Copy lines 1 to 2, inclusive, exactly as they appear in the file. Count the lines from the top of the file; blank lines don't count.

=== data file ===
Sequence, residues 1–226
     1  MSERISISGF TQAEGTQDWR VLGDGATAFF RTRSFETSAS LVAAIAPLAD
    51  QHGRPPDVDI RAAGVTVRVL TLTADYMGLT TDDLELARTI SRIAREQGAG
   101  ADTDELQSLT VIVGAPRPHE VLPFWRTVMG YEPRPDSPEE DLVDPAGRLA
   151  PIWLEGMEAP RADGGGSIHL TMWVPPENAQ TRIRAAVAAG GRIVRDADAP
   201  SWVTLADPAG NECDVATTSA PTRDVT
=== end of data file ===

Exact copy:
Sequence, residues 1–226
     1  MSERISISGF TQAEGTQDWR VLGDGATAFF RTRSFETSAS LVAAIAPLAD